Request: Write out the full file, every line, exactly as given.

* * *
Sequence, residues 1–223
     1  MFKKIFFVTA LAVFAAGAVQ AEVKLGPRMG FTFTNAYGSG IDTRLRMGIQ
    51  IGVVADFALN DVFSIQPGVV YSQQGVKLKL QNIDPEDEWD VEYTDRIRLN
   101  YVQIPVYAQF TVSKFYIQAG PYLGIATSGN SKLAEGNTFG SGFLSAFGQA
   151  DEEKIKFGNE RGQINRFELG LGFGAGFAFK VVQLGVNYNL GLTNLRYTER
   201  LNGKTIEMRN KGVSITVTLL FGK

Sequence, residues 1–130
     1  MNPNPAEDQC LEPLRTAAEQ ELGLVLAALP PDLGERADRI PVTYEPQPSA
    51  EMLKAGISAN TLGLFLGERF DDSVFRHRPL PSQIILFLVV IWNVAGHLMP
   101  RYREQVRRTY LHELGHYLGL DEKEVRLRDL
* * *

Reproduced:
Sequence, residues 1–223
     1  MFKKIFFVTA LAVFAAGAVQ AEVKLGPRMG FTFTNAYGSG IDTRLRMGIQ
    51  IGVVADFALN DVFSIQPGVV YSQQGVKLKL QNIDPEDEWD VEYTDRIRLN
   101  YVQIPVYAQF TVSKFYIQAG PYLGIATSGN SKLAEGNTFG SGFLSAFGQA
   151  DEEKIKFGNE RGQINRFELG LGFGAGFAFK VVQLGVNYNL GLTNLRYTER
   201  LNGKTIEMRN KGVSITVTLL FGK

Sequence, residues 1–130
     1  MNPNPAEDQC LEPLRTAAEQ ELGLVLAALP PDLGERADRI PVTYEPQPSA
    51  EMLKAGISAN TLGLFLGERF DDSVFRHRPL PSQIILFLVV IWNVAGHLMP
   101  RYREQVRRTY LHELGHYLGL DEKEVRLRDL